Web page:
Animal videos! Skateboarding demos! Retro cartoons! YouTube is an obvious source of free entertainment for kids — but it doesn't always feel like a safe choice. Pesky pop-up ads and links to "related" videos (possible unrelated adult content) can take the fun out of this mecca of free movies. That's where VideoMonster comes in handy. The app ($4.99 for iPhone, iPad, or iPod Touch) allows you to create lists of videos that are safe for your child to watch, plus it filters out ads and links to inappropriate content. The app also comes with a broad selection of videos pre-selected by the VideoMonster editorial staff, with lists for kids from ages 2 through teen.
This free app is designed to stop distracted driving by sending you notifications in real-time when your child is engaging in risky behavior. For example, the app lets you know if your child is using her phone while driving, exceeding a speed limit that you set, traveling into areas that are off-limits, staying out past curfews, or traveling near possible bad weather. You'll need your child's cooperation to install the app and use all of its features. Consider using it in combination with a safe driving contract to help build trust in your new driver. Safely Go is another top-rated app aimed at preventing distracted driving, but it's available for Android devices only.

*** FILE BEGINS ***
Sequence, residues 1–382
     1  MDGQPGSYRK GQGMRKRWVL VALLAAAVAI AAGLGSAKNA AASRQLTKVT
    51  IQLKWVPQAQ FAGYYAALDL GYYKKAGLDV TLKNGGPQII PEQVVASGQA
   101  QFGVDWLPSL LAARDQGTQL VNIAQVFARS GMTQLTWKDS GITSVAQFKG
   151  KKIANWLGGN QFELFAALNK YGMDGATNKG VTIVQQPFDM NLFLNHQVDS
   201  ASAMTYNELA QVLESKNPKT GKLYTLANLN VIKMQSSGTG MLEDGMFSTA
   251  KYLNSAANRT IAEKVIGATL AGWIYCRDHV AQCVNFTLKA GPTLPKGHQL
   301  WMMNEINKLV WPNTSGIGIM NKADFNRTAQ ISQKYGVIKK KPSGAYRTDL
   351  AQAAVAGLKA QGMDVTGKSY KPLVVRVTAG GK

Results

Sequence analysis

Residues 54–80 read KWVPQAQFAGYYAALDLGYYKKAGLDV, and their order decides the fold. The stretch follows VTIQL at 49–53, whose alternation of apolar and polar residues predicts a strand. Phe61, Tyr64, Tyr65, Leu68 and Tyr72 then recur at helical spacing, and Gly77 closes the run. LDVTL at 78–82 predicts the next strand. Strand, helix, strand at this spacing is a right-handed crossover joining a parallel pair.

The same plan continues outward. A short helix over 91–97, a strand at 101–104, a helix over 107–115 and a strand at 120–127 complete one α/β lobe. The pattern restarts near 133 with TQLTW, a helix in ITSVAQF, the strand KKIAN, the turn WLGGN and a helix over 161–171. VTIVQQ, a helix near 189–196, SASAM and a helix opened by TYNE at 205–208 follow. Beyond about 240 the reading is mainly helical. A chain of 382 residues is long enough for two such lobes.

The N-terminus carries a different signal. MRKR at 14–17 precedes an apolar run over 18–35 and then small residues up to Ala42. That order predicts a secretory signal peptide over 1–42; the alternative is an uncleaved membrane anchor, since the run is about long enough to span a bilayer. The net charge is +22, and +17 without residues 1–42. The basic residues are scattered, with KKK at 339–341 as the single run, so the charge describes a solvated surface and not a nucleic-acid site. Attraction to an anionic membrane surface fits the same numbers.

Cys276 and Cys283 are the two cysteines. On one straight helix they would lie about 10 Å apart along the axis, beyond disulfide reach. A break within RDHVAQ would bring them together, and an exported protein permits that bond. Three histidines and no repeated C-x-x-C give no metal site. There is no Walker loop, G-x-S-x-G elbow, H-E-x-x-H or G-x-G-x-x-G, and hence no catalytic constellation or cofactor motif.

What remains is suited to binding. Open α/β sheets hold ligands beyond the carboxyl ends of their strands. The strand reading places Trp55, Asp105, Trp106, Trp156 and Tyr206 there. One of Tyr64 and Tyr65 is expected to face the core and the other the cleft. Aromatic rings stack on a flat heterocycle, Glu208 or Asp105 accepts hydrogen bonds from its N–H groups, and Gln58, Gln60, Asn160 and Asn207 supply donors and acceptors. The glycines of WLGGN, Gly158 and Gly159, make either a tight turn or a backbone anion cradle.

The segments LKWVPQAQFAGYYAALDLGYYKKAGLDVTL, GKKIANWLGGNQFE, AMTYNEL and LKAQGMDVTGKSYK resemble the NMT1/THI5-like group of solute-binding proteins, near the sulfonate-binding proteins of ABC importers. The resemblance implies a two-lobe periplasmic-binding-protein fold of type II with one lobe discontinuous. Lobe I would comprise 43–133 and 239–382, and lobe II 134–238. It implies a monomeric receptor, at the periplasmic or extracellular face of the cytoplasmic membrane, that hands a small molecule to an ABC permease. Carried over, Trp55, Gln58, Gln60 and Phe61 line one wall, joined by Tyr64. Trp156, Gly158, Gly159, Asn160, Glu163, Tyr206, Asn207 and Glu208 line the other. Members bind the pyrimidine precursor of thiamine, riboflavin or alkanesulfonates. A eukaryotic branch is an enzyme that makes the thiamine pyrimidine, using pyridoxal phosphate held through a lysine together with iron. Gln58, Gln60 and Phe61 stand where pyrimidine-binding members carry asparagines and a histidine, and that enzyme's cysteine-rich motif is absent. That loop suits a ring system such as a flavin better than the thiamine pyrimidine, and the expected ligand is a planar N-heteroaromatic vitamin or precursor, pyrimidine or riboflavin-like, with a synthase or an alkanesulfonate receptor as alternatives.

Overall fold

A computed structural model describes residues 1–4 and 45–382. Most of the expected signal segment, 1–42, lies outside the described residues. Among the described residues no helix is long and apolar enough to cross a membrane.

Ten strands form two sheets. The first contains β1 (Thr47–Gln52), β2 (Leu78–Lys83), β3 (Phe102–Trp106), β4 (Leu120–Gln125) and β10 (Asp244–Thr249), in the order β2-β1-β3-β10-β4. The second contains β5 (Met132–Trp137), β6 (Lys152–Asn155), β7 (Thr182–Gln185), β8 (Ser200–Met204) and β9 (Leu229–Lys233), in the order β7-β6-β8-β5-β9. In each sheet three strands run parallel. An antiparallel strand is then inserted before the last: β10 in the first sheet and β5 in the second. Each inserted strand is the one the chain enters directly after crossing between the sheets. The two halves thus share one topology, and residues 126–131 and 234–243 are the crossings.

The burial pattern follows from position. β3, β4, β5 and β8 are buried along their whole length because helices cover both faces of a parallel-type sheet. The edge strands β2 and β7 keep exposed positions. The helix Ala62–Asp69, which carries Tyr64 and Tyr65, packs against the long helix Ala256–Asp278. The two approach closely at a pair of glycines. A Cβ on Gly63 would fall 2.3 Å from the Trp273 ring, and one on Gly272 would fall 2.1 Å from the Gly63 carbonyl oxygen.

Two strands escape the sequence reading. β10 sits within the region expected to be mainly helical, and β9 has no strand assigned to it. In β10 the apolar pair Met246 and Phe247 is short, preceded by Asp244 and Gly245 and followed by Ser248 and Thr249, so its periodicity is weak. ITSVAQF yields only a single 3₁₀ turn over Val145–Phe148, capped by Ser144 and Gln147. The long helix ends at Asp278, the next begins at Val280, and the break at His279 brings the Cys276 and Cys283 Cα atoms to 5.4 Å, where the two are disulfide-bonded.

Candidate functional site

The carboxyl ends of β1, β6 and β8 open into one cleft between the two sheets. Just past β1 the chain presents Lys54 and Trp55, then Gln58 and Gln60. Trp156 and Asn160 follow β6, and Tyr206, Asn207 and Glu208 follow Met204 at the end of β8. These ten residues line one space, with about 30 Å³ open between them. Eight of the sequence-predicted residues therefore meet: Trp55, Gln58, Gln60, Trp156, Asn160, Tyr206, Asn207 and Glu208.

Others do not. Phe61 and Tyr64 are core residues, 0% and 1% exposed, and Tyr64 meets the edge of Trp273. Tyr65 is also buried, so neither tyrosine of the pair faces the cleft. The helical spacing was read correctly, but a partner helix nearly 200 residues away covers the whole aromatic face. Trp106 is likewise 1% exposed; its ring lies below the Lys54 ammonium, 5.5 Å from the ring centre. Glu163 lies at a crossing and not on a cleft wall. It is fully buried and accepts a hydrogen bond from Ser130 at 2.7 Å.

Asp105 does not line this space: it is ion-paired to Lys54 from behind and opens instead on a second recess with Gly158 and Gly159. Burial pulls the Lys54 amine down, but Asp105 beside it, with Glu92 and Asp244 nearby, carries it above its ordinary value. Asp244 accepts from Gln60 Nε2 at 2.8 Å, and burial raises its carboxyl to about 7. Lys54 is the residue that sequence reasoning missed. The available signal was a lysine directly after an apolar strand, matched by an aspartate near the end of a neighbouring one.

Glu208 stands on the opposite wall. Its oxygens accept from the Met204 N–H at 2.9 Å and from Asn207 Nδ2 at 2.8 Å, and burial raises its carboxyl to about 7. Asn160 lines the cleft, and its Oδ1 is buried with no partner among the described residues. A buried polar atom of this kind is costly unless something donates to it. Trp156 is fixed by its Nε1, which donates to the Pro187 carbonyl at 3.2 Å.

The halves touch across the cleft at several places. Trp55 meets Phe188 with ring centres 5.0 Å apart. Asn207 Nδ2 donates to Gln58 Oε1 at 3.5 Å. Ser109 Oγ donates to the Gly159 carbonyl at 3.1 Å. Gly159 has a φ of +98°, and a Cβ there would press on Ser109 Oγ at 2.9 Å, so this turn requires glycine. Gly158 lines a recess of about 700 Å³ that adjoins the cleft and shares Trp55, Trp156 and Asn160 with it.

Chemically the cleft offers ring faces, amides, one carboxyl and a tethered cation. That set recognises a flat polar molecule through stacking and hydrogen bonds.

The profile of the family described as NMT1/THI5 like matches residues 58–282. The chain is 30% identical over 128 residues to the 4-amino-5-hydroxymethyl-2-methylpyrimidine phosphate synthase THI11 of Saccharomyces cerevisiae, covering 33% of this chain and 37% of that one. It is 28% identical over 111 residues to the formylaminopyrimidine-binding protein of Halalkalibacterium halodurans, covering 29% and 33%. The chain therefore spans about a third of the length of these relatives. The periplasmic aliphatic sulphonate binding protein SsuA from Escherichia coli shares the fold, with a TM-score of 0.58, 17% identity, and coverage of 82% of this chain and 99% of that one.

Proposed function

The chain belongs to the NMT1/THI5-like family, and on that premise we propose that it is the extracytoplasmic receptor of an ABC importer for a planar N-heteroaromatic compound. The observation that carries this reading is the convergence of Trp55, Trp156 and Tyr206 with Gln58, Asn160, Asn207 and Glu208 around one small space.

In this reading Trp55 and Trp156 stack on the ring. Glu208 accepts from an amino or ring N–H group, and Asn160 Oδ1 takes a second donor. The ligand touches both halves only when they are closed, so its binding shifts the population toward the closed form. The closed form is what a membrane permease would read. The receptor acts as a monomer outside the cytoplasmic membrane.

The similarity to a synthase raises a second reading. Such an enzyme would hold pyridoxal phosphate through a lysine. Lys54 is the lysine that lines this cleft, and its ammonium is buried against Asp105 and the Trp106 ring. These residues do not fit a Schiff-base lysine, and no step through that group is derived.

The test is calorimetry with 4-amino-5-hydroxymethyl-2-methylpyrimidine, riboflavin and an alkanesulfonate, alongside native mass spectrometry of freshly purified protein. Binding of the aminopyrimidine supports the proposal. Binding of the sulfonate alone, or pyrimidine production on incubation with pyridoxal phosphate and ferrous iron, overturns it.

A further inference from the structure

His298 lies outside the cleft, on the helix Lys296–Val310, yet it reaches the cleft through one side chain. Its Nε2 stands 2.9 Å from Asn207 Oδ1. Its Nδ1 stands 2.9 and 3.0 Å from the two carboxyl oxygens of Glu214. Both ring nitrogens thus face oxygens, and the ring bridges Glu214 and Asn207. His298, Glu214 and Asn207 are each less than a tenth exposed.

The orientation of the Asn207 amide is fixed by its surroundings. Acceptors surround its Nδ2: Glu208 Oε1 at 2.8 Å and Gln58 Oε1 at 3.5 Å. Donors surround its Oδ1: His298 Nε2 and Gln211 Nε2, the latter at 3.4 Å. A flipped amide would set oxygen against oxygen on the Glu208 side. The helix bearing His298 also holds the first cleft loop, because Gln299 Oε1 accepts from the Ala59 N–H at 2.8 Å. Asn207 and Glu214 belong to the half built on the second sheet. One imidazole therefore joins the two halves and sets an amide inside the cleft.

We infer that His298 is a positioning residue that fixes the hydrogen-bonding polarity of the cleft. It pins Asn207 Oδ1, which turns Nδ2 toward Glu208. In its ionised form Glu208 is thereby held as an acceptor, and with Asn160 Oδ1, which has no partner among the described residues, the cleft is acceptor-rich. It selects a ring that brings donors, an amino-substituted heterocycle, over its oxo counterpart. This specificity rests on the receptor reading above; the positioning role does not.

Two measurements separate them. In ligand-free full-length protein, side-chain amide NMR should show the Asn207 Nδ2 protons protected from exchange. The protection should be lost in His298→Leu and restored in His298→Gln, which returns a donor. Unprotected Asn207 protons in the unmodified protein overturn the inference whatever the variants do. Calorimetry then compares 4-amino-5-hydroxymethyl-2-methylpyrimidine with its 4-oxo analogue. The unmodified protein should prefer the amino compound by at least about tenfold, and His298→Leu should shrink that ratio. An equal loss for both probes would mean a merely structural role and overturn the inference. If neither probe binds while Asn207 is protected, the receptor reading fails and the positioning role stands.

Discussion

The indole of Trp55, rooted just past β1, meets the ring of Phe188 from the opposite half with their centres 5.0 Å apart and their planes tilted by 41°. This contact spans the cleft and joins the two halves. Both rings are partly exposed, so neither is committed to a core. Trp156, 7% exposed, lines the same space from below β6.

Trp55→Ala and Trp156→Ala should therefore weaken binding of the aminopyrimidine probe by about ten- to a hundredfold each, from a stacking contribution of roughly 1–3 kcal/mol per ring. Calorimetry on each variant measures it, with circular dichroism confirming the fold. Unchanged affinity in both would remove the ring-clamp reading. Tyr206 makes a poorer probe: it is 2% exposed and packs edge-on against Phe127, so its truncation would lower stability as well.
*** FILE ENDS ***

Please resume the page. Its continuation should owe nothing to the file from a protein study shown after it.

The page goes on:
Want to send a strong message when your child repeatedly ignores your texts and phone calls? Ignore No More is an app that locks kids out of some of their favorite activities — texting, playing games, surfing the web, and looking at Facebook — until they call Mom or Dad for a four-digit password to unlock their phone. It's a better option than taking your child's phone away because he'll still be able to make emergency phone calls to you or 911 even when his phone is otherwise locked. The app costs $5.99 per phone and is currently only available on Android devices but will be available on iPhones soon.
Qustodio software is available for Windows PC, Mac, iOS, Android, and Kindle devices and provides a comprehensive dashboard to help you monitor your child's online activity. The free version allows you to keep tabs on your child's web and search engine use, track her Facebook and Twitter logins, and set time controls, while Qustodio Premium also allows you to track her location, block certain games and apps, monitor calls and text messages, and more. (Plans start at $44.95 per year for five children/five devices). PC Magazine named Qustodio Premium Parental Control 2015 an Editor's Choice.